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Leveraging Your Reviewing and Editorial Activities

Faculty member editing a peer's article

Graziadio Research Tips

By Brian Jacobs

Lots of us are deeply involved with peer reviewing or editing at the academic journals in our discipline. I’m the Sustainable Operations Department Editor at Journal of Operations Management and a Senior Editor at Production and Operations Management, as well as an ad hoc reviewer for other operations journals. The long hours that we spend on these mostly thankless tasks is viewed by many as purely service work to our academic communities that takes away from time for research. But for me, I’ve found reviewing and editing to be very helpful to my research productivity. How?

1. Building Networks

The tried and true method of building a network of academic colleagues is through attending conferences and giving presentations. I agree that it’s an essential component, and I highly recommend it to everyone. But, it has its shortcomings. First, we might only attend one, two, or perhaps three conferences in any given year. Second, many times the opportunities to connect at conferences are hit-or-miss depending on conference schedules, personal commitments, travel arrangements, etc. Third, conference presentations are often rushed affairs, no better than a glorified “dog-and-pony show” without time for in-depth interaction. Last, despite best intentions, life sometimes gets in the way of our conference plans (ie. Covid-19).

I’ve found reviewing to be a big booster to the growth of my academic network. When I was finishing my PhD, my network was essentially my home department faculty. In my first year after the PhD, I reviewed three papers, largely due to recommendations from the members of my dissertation committee. But for anyone who’s served as a journal editor, you know that conscientious, reliable, and dependable reviewers can be hard to find. Word circulates very quickly among editors when willing and capable reviewers come onto the scene. In year two, I reviewed 15 papers, increasing to what I consider my annual limit of about 25 papers by year four. Each of those reviews was an opportunity to interact with senior faculty and peers from universities that I might never visit, many of them in Europe and Asia. At conferences, I try to physically connect with these people to put a face to a name.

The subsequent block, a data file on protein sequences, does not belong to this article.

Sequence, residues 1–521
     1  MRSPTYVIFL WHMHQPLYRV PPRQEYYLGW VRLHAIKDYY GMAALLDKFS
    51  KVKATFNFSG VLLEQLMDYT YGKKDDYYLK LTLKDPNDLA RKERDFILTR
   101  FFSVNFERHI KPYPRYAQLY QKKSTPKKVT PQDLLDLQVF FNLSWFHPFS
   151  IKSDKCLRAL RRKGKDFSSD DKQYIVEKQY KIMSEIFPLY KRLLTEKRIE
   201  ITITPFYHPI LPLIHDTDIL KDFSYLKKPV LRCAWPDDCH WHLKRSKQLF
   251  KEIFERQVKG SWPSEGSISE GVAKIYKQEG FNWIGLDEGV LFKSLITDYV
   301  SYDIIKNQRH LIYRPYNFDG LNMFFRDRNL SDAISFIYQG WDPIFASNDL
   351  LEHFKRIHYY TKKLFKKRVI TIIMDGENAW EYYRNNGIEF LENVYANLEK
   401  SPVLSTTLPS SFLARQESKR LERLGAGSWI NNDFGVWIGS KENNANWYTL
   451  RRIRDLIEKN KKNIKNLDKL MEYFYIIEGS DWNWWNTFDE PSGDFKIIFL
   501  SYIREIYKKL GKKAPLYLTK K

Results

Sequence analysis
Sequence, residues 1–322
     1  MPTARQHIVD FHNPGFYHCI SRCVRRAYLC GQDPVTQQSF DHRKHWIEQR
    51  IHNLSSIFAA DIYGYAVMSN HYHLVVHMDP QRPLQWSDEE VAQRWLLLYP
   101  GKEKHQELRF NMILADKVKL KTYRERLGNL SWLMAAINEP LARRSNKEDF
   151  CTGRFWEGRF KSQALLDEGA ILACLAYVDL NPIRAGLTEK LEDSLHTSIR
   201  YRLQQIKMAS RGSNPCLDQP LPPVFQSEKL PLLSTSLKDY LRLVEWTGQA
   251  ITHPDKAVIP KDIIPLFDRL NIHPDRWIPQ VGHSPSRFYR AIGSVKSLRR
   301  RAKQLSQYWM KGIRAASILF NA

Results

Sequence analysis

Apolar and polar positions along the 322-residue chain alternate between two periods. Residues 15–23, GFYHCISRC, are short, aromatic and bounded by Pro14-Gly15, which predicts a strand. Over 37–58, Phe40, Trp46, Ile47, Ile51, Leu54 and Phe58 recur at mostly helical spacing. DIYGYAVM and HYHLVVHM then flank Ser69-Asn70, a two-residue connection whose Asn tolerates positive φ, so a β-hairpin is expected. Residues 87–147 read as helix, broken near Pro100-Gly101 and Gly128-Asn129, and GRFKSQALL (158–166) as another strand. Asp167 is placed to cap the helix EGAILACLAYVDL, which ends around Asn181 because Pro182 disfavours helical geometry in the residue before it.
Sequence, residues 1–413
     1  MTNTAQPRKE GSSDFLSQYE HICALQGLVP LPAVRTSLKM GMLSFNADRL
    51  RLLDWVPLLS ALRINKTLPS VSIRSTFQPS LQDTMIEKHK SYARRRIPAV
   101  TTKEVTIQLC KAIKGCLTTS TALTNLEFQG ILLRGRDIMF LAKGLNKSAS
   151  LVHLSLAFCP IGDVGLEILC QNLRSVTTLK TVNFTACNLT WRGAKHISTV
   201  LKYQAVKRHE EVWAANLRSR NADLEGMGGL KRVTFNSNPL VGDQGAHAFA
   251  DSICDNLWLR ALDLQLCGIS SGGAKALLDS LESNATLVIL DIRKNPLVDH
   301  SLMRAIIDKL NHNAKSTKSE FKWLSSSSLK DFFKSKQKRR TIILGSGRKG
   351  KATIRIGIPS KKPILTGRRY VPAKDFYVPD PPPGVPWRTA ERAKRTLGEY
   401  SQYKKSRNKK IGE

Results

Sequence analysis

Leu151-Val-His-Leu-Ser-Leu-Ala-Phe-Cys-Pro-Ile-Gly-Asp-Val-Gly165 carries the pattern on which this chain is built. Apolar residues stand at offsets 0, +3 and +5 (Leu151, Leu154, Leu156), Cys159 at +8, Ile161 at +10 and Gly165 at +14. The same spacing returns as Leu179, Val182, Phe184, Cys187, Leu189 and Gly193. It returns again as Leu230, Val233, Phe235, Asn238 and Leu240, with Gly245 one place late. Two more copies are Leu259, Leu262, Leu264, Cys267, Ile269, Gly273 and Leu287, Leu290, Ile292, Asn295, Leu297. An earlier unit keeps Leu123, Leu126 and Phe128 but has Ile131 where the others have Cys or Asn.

This network has been invaluable to me as a researcher. I have reached out to others for help on different topics or methods, and I’ve had others reach out to me. Sometimes this translates into co-authorship opportunities. Good performance as a reviewer or editor can also make you a top-of-mind candidate for conference activities (e.g., panels, judging) or research colloquiums. Last, but not least, dedicated efforts in service to a journal will sometimes earn you the benefit-of-the-doubt when trying to publish there. What might otherwise be a rejected manuscript will instead sometimes become an invitation to revise- and-resubmit to give you an opportunity to see if you sufficiently address review concerns.

2. Staying Abreast

Reviewing means that I’m seeing the latest research in my discipline before it gets published. Granted, many of the papers are not great, but there are also some gems. Regardless, after reviewing enough papers, I’ve developed a sense of what others are working on, and what’s interesting (or not) to my research community.

Although it’s quicker and easier to read and review papers on topics and methods that we’re familiar with, the greatest opportunity for learning is to venture into new material. Agreeing to review papers not exactly in my current area of research interest is a low-risk way to expose myself to other research areas. For example, I don’t consider myself a survey researcher but I’ve learned a lot about surveys from reviewing papers.

3. Learning the Dos and Don’ts

Without a doubt, it’s a pleasure to review or edit a well-crafted paper. Being exposed to good writing and research practices helps me to elevate my game. However, a common complaint among reviewers is the poor quality of many submitted papers. The silver lining of reading so many poor papers is developing a checklist (either physical or mental) of what not to do in my own work. It also sharpens my eye when looking for potential flaws in my own manuscripts.

Every journal has their own particular focus and preferences, whether it’s favored (or disfavored) research topics or methods, writing style, or even things as mundane as copy editing and citation styles. Reviewing enough papers for a journal gives me a better feel for what they are looking for, and whether my work would be a good fit.

In summary, I think my reviewing and editing activity has been a great benefit to my research. But a word of caution: it’s not an especially easy path; it requires a lot of hard work and dedication. I think my ability to benefit from reviewing was largely due to my willingness to say yes. If at all possible, I agreed to any reviews that I was invited to do, particularly if it was for a journal that I might consider submitting future work to. Of course, each review takes time, and that time commitment has to be balanced against my other work and personal obligations. And, if I agree to a review, it’s key to do a quality job and deliver it on time. If editors have to chase after someone to submit their review, or correct/redo their review, that reviewer will quickly drop off their invitation lists.

With my editor’s hat on, I have to say that, aside from the potential personal benefits to my own research, reviewing/editing truly is a needed service in our academic communities. Without volunteer efforts, the peer review process, and our ability to publish credible work, would quickly fall apart.



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